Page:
Report: TUC Disabled Workers' Committee meeting, 17 July 2019
Add to My Calendar

Disabled Workers’ Conference decisions

We considered how to best carry out the decisions of the TUC Disabled Workers’ Conference. We agreed that the most effective way to do this was by establishing working groups on various policy areas. Committee members volunteered to convene groups, and a circular will be sent out asking other Committee members to volunteer to join these groups.

I will be convening two groups: Accessible Transport and Anti-Union Laws. Other groups will include: Social Model of Disability; Disability Pay Gap; Social Security; Accessible and Inclusive Education; Reasonable Adjustment; the ‘Gig Economy’.

I have also sent to the TUC proposals for how it implements the emergency resolution on Deaths in Care.

 

Disabled Workers’ Conference report

We considered the statistics on numbers of delegates, and their breakdown by age, race, etc. There has been little significant change from previous years.

I also raised the issue that delegates had been prevented from distributing materials outside the hall in the conference venue, even though this had been allowed in the past.

 

Strategic governance

The TUC has been looking at changing the way that its equalities structures work in order to make them more effective. Its report to our meeting contained some useful improvements, for example meetings between the chairs of the various equalities committees to discuss issues that affect several of them eg. the rise of the far right.

The TUC had considered three options for the equalities conferences, which included cutting their frequency and length. The majority of our Committee members argued for the option of keeping the equalities conferences as annual two-day events.

Other issues included: the General Council funding social events at conference; refreshing equalities training; and confirming that the equalities committees have a role in organising events and campaigns as well as advising the General Council and acting as standing orders committees for their conferences.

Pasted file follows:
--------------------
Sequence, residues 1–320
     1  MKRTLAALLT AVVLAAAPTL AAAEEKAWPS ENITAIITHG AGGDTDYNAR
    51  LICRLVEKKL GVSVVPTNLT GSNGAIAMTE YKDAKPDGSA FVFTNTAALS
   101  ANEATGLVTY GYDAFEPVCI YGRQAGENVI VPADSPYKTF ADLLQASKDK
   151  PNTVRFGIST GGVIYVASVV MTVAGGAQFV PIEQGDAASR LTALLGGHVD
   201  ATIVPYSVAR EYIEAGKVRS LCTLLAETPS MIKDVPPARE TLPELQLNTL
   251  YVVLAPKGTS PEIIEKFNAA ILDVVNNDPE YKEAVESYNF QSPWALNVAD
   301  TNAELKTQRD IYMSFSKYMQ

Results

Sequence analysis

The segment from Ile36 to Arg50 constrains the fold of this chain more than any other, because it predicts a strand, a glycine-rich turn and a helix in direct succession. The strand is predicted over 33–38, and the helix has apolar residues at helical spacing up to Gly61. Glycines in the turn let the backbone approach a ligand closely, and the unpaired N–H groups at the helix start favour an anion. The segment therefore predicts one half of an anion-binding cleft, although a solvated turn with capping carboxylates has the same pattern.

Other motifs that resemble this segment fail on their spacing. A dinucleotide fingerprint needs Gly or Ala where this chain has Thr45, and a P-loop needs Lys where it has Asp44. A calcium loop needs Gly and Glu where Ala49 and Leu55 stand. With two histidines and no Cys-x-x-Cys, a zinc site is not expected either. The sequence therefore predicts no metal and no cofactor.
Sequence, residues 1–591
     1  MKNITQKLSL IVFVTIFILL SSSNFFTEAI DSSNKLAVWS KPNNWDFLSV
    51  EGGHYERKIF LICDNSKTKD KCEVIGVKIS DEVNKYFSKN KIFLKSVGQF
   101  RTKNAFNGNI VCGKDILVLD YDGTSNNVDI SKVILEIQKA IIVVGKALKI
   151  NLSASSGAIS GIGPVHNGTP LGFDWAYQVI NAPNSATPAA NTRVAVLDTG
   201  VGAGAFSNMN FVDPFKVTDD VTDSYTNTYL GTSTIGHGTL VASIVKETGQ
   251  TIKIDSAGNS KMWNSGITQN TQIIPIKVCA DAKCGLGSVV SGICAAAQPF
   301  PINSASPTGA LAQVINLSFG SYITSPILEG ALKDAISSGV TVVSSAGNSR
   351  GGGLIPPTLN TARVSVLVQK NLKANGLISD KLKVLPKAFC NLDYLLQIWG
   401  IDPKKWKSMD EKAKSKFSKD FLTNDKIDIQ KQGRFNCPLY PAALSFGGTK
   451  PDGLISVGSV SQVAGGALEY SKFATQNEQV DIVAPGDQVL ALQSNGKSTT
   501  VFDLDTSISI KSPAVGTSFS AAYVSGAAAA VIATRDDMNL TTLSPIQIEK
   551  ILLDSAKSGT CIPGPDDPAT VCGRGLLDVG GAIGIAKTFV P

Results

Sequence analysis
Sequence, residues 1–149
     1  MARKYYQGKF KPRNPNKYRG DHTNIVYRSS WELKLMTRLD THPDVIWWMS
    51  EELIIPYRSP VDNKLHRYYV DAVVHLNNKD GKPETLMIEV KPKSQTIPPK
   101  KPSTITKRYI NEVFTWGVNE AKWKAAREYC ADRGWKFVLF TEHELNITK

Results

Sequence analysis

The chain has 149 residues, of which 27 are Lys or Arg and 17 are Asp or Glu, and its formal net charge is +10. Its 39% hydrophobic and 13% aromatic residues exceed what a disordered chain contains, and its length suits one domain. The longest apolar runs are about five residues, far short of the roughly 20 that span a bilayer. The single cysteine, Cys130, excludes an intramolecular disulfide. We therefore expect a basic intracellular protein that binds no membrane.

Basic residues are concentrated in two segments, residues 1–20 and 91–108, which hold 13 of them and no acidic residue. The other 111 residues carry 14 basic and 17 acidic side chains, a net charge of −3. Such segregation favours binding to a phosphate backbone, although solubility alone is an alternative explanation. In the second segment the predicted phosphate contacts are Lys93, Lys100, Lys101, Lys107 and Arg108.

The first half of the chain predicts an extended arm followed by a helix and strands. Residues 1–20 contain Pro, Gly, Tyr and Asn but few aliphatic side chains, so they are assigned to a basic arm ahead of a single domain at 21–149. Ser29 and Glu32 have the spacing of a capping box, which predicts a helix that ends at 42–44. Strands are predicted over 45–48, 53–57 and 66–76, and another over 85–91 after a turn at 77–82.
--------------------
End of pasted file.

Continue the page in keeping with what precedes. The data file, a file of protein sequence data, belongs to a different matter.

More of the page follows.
Mental Health

The TUC’s Matt Dykes gave a presentation on mental health and introduced the new report, Breaking Point: the crisis in mental health funding. The TUC’s campaign has two main themes:

- highlighting the crisis in mental health service provision;

- a more effective approach to promoting good mental health.

The TUC’s work on this developed from its public services work, so is focused on cuts to mental health services and the impact on mental health workers. While this is an important aspect, members of the Committee felt that it was important to address other issues as well, such as workplace distress. We were concerned that the approach was not sufficiently based on the social model of disability.

I questioned what is meant by ‘promoting good mental health’. For many employers, this seems to mean coffee mornings, awareness campaigns and patronising lifestyle advice. As trade unionists, we believe that workers’ mental health will benefit much more from measures such as shorter working hours, secure employment contracts, decent wages, reduced workload, and an end to management bullying.

The TUC is supporting a mental health crisis summit on Saturday 28 September at the Royal Free in London. The Committee had concerns that the list of speakers does not include any elected representatives of disabled people’s organisations or of people with mental health issues, and would like to see this balance redressed.

I also asked that at some point, the Committee discuss the mental health of trade union activists: how our movement can look after people’s well-being and prevent activist burnout.

 

International solidarity

Mariela Kohon gave a presentation on the TUC’s international work. Priority areas at present are Brazil (where workers and trade unionists are being attacked by the new right-wing government); Columbia (the most dangerous place for trade unionists, with dozens killed each year); Turkey (where the regime suppresses dissent, including from trade unionists); and Palestine (where the Israeli occupation of Palestinian territories causes great difficulties for workers).

We discussed how disability issues can be highlighted in these campaigns. I raised two issues:

- pushing for the international trade union organisations eg. ITUC, ETUC to set up disabled workers’ structures

- active solidarity with disabled trade unionists in Israel/Palestine